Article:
Will The ITU's Increasing Focus On Control And Surveillance Split The Internet?
from the great-schism? dept
Techdirt covered the WCIT circus in Dubai in some depth last year, since important issues were at stake. As many feared, after a moment of farce, it became clear that a serious schism in the ITU was opening up — between those who wanted the Internet largely left alone to carry on much as before, with the possibly naïve hope that it might act as a vehicle of freedom, and those who wanted it regulated more closely, certain it could become an even better instrument of control.
Although WCIT is over, the ITU journey continues, and a fascinating post by Anthony Rutkowski on the CircleID Web site gives us a glimpse of where exactly it’s heading — and it doesn’t look good. The ITU’s “Internet/cloud” Study Group 13 is convening soon, and as Rutkowski points out, the provenance of the contributions submitted to this meeting reflect what is happening to the organization: 70% of them are from China or Korea.
Almost everyone has fled the organization except for a few established participants from China and Korea and their partners. Pretty much all of industry together with the G55 nations [who refused to sign the WCIT treaty] have left.
Just as telling is the subject-matter:
The contributions predominantly deal with the mechanics of pervasive surveillance and content control. This includes DPI mechanisms and use cases, filtering of content to local networks, control of individual user mobile phones, controls on peer-to-peer services, extensive regulatory controls on cloud computing facilities, and Big Data Analytics for extracting every nuance about individual users from real-time communications and stored data.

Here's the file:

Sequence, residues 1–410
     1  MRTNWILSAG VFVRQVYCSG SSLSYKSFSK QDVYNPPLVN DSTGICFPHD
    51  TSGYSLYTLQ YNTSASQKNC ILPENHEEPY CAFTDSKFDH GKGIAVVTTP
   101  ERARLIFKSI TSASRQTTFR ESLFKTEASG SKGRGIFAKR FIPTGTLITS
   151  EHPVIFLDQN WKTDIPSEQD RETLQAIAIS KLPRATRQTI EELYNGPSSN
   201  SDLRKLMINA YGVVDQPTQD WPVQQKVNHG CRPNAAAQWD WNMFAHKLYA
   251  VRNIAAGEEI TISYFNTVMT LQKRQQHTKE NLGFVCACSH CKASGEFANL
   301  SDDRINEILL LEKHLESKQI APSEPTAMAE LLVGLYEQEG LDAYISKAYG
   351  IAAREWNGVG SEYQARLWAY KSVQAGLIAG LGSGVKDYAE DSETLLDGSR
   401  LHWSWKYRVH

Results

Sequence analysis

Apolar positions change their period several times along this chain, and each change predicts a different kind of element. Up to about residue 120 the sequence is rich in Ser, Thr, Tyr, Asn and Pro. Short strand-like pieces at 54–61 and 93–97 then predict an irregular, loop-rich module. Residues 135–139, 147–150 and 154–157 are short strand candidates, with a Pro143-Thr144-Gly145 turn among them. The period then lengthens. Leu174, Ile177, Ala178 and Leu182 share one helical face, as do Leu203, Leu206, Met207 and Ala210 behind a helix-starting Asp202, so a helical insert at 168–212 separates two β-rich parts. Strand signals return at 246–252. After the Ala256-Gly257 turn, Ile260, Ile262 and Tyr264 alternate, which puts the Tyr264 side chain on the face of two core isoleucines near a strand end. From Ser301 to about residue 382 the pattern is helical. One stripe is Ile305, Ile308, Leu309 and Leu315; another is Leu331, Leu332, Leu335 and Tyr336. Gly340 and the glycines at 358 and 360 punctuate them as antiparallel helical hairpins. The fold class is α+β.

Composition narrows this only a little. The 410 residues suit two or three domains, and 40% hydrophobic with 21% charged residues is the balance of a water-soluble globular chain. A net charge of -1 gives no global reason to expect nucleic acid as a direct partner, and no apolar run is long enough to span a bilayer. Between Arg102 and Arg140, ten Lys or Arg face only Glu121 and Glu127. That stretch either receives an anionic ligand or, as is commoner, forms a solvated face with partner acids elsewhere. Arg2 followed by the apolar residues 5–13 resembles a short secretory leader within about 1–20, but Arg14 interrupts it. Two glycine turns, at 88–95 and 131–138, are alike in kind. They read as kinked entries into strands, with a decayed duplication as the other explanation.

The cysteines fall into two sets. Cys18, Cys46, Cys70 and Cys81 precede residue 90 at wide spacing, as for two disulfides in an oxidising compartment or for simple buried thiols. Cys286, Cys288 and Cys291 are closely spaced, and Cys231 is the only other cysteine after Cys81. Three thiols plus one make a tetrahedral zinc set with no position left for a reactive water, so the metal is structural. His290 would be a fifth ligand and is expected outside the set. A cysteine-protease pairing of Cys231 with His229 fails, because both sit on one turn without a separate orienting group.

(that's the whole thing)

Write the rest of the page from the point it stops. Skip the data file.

As Rutkowski rightly notes, given this continuing descent into police-state territory, there are now two paths for the ITU. The first is to pull back from the brink, and to return to a consensus-based approach that allows the G55 nations to participate in the development of basic Internet standards — not those predominantly designed for surveillance.
Alternatively, the G89 nations who did sign the WCIT treaty may decide it is more important for their sections of the Internet to be firmly under their control than for there to be a single, unified set of Internet standards for the world. The schism would be formalized, with a more open G55 Internet linking up as best it could with the more closed G89 network. That would be a tragedy for humanity, but on the basis of the WCIT conference and the developments since then, it’s certainly not something that can be ruled out.